Tillage is a widely used method for wind erosion control in agricultural and arid regions around the world. It works by roughening the soil surface, reducing wind speed at the surface through the creation of turbulent eddies, which improves resistance to wind erosion. The roughened surface also creates traps to catch windblown soil particles. Installed tillage consists of rows and furrows in roughly east to west directions to create maximum surface roughness against high winds predominantly from the north and south. Where existing infrastructure has allowed, tillage has been installed in a serpentine pattern to provide additional protection from all wind directions. If the regulatory erosion threshold or any of the tillage performance requirements are no longer met, maintenance is performed to restore roughness, or shallow flooding is implemented as a backup control method.

Owens Lake tilage shallow flooding


Managed Vegetation

Managed Vegetation on the Owens Lake playa is an effective means of preventing and reducing dust emissions as it decreases both sand motion and soil erosion through the dissipation of wind energy. The above ground vegetation acts as a windbreak reducing wind velocity at the playa surface and consequentially reducing sand motion that leads to dust emissions. Vegetation cover assessments are performed each year using high-resolution photography and satellite imagery that ensure distribution requirements and minimum average coverage of 37% are met across all Managed Vegetation dust control areas.  In addition, annual Plant health assessments are conducted to help guide routine maintenance activities throughout the year that include, but not limited to, strategic irrigation scheduling, bi-annual fertigation, as-needed reseeding, and drainage related improvements.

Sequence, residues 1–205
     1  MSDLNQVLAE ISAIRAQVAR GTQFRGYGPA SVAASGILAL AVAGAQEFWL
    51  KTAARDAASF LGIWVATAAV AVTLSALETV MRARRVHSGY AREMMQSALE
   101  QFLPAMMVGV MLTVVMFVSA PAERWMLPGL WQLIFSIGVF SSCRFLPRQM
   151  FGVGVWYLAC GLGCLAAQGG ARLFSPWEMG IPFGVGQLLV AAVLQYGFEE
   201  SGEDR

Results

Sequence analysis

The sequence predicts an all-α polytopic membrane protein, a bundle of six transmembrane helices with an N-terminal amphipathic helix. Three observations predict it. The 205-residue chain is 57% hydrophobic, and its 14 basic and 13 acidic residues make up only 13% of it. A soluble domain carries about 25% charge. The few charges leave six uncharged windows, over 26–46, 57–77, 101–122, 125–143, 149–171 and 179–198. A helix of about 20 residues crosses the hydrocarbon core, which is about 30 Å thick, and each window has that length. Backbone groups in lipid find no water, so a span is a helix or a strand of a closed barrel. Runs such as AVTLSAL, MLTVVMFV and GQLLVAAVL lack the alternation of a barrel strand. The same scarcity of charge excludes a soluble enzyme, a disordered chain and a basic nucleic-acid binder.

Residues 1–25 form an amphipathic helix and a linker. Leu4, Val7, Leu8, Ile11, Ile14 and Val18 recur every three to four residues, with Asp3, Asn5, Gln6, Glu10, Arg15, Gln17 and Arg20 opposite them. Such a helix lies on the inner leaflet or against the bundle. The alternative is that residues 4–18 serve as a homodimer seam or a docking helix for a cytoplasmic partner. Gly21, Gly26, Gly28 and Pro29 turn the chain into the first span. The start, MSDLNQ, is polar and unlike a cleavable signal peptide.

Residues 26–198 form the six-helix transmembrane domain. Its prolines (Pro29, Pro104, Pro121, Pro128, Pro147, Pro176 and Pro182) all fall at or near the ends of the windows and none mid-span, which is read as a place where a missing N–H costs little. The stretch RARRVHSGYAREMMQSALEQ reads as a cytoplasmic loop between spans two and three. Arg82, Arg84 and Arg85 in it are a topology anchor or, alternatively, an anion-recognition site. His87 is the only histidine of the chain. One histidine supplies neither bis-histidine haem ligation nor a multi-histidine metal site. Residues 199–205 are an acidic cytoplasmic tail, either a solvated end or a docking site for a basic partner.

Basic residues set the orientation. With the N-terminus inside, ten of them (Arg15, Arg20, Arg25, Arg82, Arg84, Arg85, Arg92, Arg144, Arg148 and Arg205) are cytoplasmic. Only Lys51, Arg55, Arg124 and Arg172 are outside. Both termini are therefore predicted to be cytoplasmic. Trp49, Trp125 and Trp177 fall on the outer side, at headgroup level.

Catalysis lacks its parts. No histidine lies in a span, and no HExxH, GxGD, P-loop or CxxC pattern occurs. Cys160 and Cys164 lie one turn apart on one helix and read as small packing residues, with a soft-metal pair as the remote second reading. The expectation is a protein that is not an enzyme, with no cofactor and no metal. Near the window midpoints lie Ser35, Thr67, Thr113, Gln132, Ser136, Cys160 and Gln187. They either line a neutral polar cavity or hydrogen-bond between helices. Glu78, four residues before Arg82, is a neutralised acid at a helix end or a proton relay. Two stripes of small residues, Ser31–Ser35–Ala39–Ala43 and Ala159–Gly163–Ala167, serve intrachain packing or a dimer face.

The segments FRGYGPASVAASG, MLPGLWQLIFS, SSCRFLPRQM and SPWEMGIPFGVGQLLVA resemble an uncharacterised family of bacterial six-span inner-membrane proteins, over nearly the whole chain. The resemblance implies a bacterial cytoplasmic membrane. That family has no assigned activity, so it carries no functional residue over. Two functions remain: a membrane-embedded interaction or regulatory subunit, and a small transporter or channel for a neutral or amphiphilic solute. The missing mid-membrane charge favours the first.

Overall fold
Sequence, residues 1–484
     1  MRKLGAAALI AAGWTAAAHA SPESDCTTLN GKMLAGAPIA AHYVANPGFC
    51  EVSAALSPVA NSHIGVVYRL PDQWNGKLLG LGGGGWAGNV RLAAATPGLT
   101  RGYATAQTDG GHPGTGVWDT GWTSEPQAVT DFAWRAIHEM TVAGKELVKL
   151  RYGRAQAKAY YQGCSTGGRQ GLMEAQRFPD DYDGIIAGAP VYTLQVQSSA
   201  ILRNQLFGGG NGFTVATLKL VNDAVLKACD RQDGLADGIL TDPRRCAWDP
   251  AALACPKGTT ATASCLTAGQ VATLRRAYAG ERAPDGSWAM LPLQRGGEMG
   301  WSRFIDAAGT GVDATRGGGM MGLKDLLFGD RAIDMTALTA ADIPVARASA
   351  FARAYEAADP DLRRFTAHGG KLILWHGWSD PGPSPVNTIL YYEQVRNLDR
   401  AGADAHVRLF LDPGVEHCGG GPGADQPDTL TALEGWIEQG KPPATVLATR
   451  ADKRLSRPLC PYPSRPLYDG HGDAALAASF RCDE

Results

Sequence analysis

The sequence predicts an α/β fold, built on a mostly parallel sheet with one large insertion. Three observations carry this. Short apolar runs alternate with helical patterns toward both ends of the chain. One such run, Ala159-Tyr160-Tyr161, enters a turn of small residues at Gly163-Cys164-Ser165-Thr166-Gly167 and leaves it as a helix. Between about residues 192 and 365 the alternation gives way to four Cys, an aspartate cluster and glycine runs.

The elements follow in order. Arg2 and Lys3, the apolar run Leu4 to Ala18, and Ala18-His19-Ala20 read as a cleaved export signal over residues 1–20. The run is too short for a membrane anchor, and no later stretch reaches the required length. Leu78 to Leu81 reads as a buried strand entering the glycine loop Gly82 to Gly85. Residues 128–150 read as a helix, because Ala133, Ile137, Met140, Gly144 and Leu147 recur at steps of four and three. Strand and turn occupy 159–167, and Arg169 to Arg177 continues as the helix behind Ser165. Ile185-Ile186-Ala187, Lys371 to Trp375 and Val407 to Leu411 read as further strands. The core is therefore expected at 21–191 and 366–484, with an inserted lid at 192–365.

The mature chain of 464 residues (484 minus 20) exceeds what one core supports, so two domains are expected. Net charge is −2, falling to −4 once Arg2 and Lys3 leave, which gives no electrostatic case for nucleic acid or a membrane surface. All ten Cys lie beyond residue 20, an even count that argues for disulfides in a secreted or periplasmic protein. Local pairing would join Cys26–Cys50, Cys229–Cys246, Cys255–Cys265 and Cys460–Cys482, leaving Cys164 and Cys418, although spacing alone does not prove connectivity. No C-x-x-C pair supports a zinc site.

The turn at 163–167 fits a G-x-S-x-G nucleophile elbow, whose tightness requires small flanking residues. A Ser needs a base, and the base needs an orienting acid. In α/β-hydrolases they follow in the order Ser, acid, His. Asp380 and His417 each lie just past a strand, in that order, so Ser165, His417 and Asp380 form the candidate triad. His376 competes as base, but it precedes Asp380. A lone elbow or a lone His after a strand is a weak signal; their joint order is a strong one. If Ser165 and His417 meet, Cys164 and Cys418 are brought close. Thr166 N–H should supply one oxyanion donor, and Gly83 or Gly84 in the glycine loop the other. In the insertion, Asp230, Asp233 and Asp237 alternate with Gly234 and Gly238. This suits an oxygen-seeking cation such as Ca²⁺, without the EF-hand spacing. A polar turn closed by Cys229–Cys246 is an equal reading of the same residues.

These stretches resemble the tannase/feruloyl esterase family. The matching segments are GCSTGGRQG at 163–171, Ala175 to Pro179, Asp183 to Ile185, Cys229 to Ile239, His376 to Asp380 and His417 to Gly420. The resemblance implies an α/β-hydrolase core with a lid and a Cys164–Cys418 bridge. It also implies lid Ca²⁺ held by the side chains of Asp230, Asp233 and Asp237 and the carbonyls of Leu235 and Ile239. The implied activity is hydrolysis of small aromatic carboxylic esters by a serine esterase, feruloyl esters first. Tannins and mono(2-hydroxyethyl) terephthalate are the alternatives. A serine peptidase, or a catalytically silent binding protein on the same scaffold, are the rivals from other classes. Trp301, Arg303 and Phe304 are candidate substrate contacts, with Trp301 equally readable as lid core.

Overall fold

Water Management

Dust control infrastructure in the Owens Valley is expansive: the program covers approximately 48.6 square miles of lakebed and requires approximately 60,000 acre-feet of water annually. To put those numbers into perspective, 48.6 square miles is roughly the same size as the city of San Francisco and 60,000 acre-feet is enough to supply water to 240,000 single family households for an entire year. Eastern Sierra runoff delivered via the Los Angeles Aqueduct is the lowest cost water source available to LADWP rate payers. Therefore, every drop of water spread at Owens Lake is water that must be replaced by higher priced imported regional and State supplies. As regional and state water supplies continue to be stressed by climate change and drought conditions, it is imperative that Owens Lake dust mitigation balance water conservation while managing environmental resources such as wildlife habitat and cultural sites.

Click here for FY 23/24 imported water rates.


Owens Lake Scientific Advisory Panel 

Established within the 2014 stipulated judgment, the Owens Lake Scientific Advisory Panel, under the National Academy of Sciences, was put in place to foster collaboration and communication between LADWP and GBUAPCD. The OLSAP reviews existing scientific literature and data and provides advisory recommendations and conclusions. The OLSAP’s initial task was included in the 2014 stipulated judgment, it includes analysis of the effectiveness existing dust controls, and other waterless, and water efficient methods for use at Owens Lake. The results of the initial study Effectiveness and Impacts of Dust Control Measures for Owens Lake were published in 2020.

In 2024, GBUAPCD issued a second task the OLSAP for analysis of off lake sources and possible dust controls.

Click here to learn more.